The Principle of Least Privilege is a security maxim stating that users should only be given the least amount of privilege required, and no more.
We recommend that you apply this principle when creating authorization policies using Single Sign-on for Java.
Allocate a role to each task and map this to one or more groups managed in Active Directory.
It is useful to use groups which are specific to your application to prevent the risk of a user inadvertently being added to a group so they may access an entirely different application.
Single Sign-on for Java has a number of mechanisms to prevent Denial of Service (DoS) attacks. The most important is that no state information is stored on the server until the client has authenticated.
In addition, Single Sign-on for Java limits the amount of communication that is required with back-end servers, and in most cases authentication and authorization can be performed locally without having to contact Active Directory.
However, there are some issues that need to be considered to increase resistance to DoS attacks. These are discussed below.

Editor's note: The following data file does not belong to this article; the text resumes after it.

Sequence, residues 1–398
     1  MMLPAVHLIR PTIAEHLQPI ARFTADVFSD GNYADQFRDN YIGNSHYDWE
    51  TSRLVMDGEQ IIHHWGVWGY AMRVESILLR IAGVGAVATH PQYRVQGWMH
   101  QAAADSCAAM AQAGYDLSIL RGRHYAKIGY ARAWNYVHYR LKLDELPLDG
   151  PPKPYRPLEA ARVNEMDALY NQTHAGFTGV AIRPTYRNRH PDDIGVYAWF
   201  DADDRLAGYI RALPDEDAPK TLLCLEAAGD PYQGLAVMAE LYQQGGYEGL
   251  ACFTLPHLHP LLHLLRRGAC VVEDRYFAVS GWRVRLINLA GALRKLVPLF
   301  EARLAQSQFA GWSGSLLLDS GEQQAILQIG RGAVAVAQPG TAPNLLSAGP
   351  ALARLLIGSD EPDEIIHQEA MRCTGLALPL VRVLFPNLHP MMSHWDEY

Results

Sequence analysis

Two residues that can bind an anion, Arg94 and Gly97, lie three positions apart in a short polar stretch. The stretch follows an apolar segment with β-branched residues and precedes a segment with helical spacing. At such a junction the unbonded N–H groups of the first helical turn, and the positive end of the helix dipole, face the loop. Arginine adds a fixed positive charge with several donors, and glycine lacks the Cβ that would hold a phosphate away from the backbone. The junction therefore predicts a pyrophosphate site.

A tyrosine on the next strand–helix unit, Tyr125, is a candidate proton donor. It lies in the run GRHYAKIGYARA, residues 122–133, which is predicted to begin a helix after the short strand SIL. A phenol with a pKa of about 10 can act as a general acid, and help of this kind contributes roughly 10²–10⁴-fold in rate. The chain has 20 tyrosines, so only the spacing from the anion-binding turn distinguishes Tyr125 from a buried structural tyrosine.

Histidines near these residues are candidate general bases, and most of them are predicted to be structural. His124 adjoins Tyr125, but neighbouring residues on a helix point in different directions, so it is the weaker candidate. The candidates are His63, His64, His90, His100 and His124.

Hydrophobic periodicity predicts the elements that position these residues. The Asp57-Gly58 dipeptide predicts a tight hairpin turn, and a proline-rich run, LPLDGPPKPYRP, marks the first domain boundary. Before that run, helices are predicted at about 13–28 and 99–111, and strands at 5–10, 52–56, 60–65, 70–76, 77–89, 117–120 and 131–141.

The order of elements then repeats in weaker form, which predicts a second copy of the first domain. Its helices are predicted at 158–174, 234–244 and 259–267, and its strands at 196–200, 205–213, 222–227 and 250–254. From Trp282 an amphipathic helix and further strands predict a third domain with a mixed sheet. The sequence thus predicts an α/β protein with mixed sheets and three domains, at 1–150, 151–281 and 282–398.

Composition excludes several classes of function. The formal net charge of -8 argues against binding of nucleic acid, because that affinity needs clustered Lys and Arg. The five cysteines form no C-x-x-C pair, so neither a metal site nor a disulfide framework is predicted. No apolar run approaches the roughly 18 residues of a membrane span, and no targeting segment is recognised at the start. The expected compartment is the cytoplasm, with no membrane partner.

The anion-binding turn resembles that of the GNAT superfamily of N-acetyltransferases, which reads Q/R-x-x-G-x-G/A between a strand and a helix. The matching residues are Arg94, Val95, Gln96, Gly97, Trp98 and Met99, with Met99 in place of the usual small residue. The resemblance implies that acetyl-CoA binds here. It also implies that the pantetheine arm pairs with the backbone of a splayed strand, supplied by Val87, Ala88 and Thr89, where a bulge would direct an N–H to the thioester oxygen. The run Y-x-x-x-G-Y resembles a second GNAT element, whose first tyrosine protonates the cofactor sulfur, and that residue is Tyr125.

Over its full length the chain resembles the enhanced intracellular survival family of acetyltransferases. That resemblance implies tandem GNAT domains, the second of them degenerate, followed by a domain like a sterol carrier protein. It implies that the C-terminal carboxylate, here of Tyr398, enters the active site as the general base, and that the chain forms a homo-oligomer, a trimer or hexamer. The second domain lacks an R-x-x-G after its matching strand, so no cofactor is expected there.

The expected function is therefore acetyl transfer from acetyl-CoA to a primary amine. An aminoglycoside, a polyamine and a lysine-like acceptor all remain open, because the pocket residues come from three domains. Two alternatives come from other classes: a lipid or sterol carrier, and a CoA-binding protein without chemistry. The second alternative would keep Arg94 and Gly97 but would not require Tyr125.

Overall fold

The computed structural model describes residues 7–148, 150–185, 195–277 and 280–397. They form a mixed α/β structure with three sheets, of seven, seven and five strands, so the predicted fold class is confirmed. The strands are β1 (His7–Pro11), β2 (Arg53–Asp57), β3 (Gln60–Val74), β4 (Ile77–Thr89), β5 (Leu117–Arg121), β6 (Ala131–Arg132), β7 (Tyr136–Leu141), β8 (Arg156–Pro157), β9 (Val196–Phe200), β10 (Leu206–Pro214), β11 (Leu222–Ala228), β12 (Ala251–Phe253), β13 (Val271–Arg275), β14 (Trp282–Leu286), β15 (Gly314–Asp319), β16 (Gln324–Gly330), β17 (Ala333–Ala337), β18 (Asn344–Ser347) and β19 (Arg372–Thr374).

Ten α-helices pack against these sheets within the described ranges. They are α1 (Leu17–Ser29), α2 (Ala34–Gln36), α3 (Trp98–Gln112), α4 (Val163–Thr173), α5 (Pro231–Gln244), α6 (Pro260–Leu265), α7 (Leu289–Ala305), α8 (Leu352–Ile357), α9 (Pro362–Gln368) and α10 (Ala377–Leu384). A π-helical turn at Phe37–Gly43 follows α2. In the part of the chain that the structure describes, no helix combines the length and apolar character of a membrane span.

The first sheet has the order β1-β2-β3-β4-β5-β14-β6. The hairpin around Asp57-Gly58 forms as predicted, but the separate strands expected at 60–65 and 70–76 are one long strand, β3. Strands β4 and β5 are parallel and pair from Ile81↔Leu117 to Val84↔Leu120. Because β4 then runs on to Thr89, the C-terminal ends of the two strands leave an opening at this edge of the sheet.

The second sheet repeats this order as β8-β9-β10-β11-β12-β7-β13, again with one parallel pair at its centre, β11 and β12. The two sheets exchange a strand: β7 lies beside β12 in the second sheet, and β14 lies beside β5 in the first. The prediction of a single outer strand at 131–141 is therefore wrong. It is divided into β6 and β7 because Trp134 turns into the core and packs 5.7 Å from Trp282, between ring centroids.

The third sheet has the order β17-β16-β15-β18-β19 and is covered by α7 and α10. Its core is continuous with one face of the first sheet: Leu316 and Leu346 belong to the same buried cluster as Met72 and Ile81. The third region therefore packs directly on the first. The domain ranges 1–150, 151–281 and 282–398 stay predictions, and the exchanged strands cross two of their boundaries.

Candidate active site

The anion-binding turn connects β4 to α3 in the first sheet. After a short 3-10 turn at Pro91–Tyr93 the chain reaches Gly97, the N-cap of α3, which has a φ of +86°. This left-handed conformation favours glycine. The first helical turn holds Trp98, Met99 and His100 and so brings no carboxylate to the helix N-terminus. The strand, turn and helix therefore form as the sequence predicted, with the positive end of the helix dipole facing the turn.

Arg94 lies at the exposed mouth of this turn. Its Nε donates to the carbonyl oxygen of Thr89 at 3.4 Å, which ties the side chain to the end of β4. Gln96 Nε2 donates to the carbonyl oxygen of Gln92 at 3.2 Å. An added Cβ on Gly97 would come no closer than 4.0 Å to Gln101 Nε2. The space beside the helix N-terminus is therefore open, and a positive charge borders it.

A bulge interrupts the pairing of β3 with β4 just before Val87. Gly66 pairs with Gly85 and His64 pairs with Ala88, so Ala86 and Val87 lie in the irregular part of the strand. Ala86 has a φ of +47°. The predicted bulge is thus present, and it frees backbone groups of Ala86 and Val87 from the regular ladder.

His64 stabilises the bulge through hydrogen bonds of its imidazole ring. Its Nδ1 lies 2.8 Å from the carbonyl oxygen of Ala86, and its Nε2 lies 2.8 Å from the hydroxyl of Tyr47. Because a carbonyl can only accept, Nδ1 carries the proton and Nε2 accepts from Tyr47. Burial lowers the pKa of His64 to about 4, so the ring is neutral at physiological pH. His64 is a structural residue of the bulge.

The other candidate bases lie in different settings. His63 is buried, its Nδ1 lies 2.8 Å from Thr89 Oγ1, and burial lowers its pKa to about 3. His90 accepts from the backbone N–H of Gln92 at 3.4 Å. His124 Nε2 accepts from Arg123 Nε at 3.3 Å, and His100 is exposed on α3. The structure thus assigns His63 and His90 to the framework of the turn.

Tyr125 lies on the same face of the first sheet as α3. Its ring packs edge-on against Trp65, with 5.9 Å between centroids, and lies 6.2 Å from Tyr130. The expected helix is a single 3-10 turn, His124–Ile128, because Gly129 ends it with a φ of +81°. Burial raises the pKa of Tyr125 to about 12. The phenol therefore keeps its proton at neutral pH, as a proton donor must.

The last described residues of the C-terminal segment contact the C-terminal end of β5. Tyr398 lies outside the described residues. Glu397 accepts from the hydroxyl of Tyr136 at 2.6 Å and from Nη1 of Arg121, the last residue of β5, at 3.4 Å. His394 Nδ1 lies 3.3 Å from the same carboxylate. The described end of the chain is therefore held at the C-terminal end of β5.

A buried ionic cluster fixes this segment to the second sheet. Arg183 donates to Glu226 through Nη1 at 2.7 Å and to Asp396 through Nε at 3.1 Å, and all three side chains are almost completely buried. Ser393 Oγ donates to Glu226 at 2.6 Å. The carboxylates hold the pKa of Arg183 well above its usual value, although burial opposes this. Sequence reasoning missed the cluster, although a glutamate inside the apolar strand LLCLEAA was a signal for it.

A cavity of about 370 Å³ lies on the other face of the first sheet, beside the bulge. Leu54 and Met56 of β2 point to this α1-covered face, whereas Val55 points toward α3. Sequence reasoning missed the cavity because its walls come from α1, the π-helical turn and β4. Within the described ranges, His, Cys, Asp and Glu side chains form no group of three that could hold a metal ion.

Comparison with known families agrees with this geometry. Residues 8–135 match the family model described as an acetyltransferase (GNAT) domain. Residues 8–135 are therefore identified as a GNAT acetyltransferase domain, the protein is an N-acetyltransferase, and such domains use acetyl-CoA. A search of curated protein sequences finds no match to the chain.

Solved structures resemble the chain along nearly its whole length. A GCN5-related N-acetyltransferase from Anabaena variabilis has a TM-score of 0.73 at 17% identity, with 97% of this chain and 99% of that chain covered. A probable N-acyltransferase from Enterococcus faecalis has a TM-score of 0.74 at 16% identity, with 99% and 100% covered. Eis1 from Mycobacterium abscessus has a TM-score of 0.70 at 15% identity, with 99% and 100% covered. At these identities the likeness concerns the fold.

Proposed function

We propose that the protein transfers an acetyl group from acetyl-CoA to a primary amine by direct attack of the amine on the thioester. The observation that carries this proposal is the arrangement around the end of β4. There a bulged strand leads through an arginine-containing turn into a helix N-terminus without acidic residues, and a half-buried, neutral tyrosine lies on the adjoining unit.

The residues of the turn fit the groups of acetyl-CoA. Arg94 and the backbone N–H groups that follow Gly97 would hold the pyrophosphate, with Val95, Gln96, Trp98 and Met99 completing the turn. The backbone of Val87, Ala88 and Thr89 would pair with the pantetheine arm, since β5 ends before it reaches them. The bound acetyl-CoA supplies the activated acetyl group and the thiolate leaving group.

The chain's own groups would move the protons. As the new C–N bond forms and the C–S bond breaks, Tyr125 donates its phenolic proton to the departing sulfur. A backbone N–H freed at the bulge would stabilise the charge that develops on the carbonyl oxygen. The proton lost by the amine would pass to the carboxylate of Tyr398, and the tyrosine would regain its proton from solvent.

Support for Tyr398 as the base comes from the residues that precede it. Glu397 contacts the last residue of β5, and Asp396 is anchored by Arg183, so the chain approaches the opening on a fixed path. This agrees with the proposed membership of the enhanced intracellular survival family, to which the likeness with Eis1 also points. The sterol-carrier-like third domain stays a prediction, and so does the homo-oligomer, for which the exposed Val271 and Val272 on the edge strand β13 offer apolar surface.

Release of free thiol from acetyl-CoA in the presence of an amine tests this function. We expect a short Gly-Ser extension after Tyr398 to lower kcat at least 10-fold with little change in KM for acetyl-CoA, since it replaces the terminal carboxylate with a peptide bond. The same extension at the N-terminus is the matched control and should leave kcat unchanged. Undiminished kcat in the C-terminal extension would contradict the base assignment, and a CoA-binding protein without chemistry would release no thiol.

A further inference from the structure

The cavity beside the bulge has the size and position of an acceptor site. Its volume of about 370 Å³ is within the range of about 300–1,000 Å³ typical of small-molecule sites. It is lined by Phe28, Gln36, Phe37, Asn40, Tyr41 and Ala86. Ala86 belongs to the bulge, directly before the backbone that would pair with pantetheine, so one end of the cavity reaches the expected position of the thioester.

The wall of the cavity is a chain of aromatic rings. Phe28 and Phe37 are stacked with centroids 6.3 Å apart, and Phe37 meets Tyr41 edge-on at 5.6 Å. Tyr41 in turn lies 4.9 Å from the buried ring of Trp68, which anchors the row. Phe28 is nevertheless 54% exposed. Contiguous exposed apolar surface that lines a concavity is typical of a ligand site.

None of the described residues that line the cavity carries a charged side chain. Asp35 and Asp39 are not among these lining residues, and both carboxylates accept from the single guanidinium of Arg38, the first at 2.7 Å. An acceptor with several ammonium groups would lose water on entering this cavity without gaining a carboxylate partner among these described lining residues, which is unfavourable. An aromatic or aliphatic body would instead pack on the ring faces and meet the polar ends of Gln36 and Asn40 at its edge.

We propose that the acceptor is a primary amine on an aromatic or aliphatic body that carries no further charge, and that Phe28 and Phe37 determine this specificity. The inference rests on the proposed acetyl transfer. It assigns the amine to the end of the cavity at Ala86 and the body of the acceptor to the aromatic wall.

Unlike Windows Integrated Authentication, the basic fallback mechanism requires communication with Active Directory to be performed by the server. Because of this, it can be exploited to mount a DoS attack by saturating the number of outgoing connections. A number of application servers can also be used to “amplify” an attack on Active Directory using this feature.
For this reason, basic fallback should be disabled in situations where there is a high risk of DoS attacks, or other measures should be undertaken (such as using a firewall that drops a large number of connections, or increasing capacity).
Once authenticated, each Single Sign-on for Java session will store security information associated with the connection, including the user's ticket and delegated credential.
It may be possible for an attacker who obtains a legitimate user's account to saturate the memory of an application server by making a large number of new requests to an application. However, this is a fairly low risk.
Such an event would be indicated by a large number of logins from the same account in the audit logs, and could be effectively stopped by disabling the offending account.